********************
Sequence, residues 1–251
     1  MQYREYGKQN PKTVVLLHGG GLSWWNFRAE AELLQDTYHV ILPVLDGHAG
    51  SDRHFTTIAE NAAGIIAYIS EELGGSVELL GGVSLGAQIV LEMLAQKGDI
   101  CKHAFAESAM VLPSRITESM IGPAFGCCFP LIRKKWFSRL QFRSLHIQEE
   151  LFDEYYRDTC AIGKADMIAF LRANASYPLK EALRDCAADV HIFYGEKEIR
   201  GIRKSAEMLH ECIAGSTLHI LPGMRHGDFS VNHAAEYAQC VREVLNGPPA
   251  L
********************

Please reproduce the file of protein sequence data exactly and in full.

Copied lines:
Sequence, residues 1–251
     1  MQYREYGKQN PKTVVLLHGG GLSWWNFRAE AELLQDTYHV ILPVLDGHAG
    51  SDRHFTTIAE NAAGIIAYIS EELGGSVELL GGVSLGAQIV LEMLAQKGDI
   101  CKHAFAESAM VLPSRITESM IGPAFGCCFP LIRKKWFSRL QFRSLHIQEE
   151  LFDEYYRDTC AIGKADMIAF LRANASYPLK EALRDCAADV HIFYGEKEIR
   201  GIRKSAEMLH ECIAGSTLHI LPGMRHGDFS VNHAAEYAQC VREVLNGPPA
   251  L